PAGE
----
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e-Signature Tools Comparison

In the web application and subscription software world, sometimes a simple "check this box to agree to terms" becomes insufficient. With the move toward more online offerings being delivered as an ongoing service, SaaS companies begin to bump up against legal principles that require more thoughtful solutions. When this is necessary, an Electronic Signature ("e-Signature") tool is a great way to help automate the transaction process while still meeting the legal requirements of agreement to terms.

Consider your typical Business to Consumer (B2C) ecommerce transaction: I'm shopping for my niece for Christmas. She's really excited about stuffed animals (she's only 11 months old) so I navigate to Acme's Stuffed Animals Emporium to find the BEST fluffy critter on the web. I find what I'm looking for-- a blue alligator with a bell in the tail-- add it to my cart, and enter my payment info. Before my order is placed I'm prompted with a message: "Please carefully review your order. All returns require a 15% restocking fee." Being the diligent shopper I am I take a moment to ponder this fuzzy blue toy with playfully menacing teeth, decide I still like it, and place my order.

My transaction was simple. It's a basic ONE TIME exchange of goods for money, with a clearly defined start and end point, and a tangible action to be performed and received by both parties.

Some online transactions aren't that simple. In some cases the nature of the transaction itself is more complex. Consider, for example, signing up for a service delivered online that has multiple potential add-on features, and adding/removing those features from your subscription has implications for the next billing date, amount, and overall duration of your subscription term. Leaving aside the fact that you should make your offerings more easily understood (see my previous post on subscription based revenue opportunities), the complex, and potentially confusing nature of this arrangement should be spelled out and clearly agreed to by the Customer.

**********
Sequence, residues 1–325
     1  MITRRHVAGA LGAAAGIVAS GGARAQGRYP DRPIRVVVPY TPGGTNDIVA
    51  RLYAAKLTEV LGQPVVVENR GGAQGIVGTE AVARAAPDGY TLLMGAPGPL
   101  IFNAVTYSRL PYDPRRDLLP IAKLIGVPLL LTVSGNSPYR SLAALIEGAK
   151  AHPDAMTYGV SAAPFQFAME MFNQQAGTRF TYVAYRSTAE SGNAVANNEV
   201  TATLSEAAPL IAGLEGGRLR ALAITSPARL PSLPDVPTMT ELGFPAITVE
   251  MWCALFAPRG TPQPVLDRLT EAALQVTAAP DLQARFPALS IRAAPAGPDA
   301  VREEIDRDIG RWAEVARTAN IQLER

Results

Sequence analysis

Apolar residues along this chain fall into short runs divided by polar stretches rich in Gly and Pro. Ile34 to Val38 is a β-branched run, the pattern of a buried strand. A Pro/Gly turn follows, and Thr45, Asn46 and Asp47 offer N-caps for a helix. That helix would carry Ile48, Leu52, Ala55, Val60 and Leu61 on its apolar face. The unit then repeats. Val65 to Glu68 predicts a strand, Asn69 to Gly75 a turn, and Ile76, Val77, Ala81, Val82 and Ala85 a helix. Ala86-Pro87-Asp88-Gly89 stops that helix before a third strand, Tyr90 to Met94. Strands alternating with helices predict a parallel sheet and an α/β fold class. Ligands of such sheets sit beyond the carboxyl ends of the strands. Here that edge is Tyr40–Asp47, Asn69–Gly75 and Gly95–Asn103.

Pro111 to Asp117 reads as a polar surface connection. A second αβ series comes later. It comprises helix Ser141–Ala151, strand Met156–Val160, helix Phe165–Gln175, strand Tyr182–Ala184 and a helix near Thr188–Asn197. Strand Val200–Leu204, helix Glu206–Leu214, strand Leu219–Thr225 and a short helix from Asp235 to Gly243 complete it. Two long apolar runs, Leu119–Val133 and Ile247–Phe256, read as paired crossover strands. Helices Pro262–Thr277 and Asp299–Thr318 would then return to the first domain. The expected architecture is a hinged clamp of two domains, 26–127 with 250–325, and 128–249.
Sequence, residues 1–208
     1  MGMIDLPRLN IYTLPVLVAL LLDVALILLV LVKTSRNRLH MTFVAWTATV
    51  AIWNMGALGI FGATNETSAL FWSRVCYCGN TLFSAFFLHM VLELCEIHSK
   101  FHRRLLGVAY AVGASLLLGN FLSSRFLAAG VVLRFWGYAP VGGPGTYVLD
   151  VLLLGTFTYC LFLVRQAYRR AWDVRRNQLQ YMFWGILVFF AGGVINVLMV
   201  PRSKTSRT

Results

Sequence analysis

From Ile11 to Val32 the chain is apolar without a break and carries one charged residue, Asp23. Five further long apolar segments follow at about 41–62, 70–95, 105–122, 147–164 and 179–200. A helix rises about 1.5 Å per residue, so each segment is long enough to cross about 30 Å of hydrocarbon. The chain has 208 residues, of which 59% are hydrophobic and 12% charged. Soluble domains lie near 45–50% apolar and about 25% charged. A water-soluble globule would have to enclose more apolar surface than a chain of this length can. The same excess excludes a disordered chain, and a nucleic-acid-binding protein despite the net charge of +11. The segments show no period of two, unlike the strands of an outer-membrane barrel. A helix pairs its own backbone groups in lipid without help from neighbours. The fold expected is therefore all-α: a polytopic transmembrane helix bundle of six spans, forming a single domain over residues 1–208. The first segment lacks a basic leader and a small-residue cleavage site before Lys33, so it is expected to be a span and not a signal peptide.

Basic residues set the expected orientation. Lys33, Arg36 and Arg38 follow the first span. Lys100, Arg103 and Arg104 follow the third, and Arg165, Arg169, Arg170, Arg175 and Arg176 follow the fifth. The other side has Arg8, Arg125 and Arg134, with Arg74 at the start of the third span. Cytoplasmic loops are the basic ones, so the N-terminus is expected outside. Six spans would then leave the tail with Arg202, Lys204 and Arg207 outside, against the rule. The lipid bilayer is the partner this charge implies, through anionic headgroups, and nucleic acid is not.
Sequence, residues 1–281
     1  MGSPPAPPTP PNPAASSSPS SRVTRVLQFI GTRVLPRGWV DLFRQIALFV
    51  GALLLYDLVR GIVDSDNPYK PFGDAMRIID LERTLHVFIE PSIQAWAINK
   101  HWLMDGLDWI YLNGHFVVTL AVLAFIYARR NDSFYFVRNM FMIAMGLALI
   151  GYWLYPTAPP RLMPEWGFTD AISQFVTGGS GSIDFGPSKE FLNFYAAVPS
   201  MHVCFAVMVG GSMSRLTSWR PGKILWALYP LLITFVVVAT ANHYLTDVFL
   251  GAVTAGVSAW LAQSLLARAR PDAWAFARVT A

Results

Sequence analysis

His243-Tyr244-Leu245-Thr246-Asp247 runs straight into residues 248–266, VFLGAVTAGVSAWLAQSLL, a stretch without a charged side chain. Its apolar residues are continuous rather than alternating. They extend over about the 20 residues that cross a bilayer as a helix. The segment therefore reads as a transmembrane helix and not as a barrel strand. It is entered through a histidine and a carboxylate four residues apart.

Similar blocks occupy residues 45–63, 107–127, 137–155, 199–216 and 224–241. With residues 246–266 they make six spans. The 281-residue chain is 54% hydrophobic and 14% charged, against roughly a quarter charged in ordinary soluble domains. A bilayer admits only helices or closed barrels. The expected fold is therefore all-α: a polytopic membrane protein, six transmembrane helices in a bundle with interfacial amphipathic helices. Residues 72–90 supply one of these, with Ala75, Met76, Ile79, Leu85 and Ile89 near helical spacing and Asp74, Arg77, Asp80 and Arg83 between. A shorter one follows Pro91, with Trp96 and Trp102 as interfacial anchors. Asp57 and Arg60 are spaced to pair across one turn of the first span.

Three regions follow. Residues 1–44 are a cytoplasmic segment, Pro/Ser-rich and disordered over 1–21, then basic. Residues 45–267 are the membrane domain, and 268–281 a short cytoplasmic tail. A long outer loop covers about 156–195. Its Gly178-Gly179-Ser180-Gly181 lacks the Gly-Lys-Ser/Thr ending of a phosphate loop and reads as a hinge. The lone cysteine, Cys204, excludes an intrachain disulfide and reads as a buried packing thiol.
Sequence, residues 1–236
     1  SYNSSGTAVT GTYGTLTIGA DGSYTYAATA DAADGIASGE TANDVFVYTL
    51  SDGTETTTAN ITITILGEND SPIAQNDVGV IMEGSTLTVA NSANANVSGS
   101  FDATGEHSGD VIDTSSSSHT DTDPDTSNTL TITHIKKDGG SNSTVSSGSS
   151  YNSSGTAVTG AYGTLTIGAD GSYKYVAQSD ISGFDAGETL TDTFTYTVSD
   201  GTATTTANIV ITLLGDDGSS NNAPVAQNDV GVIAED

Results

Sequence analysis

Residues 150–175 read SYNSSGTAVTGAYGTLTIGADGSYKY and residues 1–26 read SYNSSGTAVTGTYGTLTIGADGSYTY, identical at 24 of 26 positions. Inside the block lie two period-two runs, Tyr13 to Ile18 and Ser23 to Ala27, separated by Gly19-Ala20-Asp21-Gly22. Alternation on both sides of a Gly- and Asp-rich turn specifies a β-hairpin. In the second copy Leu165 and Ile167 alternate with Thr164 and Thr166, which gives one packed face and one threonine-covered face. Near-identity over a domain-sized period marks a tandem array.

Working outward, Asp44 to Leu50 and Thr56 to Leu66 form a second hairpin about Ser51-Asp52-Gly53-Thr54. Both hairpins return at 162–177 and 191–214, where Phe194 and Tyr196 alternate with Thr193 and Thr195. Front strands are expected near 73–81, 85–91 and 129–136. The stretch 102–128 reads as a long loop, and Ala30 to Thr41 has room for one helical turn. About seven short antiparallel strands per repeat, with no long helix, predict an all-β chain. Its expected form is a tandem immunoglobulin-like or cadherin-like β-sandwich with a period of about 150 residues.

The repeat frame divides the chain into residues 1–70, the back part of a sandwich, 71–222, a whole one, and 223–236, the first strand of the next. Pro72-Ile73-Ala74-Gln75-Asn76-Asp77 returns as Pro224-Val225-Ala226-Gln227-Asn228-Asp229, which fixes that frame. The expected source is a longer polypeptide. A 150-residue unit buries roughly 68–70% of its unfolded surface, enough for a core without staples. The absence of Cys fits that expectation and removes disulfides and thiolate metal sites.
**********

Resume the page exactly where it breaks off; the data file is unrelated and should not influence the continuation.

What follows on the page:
In other cases, legal statutes require more formality in the purchase and sale agreement. Think about the purchase of a house, for example: when I was negotiating the purchase of my house this summer, there were at least 20 pages in each offer/counter-offer package, each required by law. Even if the seller and I had wanted to eliminate the paperwork from the process we couldn't because various state statutes required the presence of those signed and initialed documents.

However, rather than needing to interrupt my day to travel to the realtor's office, or print, sign, and fax paperwork, I signed electronically for every painful revision. In these more complex scenarios, when it's either prudent or required to present the buyer with more details, and confirm their assent to the terms via initials, signatures, and dates, an e-signature platform is the way to go.

At its core, an e-signature platform allows you to present information for signature electronically. Where the more basic "agree to terms" checkbox also allows you to simply display content to a customer and require they "agree" before moving on, the e-signature tool requires that customer to digitally "sign" the document. This signature can take several formats: This might be a simple signature; it could be initialing specific terms or elements of the contract; sometimes there may be an email verification step to confirm the user is who they say they are. Regardless, the core idea is that you're gaining a greater degree of certainty that (1) the user is who they say they are, and (2) they are acknowledging and agreeing to the terms by way of taking these additional proactive steps to complete the purchase.

There are a LOT of options on the market that provide e-signature functionality. I recently created an evaluation matrix for a client in which I compared what I deemed to be the top eight e-signature tools. I compared these eight tools on a combination of feature set, pricing, API/Integration access, clarity of documentation for using the tools, and online evaluations and user feedback for each tool. Through this process, I found that there are really four key factors that separate the various options.

1. Features

Obviously, right? At their core, each one of these tools is doing the same thing. They're presenting a document for signature. So I was surprised at how well, and how poorly, some of them were able to accomplish this core goal. For example: most of the platforms allowed you to present a form to users, identify where on that form they should sign, and capture their email signature for your records. However, not all of the services allow you to brand that page with your own logo and colors to fit within your website; not all of the solutions allow you to have the customer sign multiple documents; and not all of the solutions allowed you to pull customer-specific data into the document (ie: name, address, etc) to personalize the document being signed.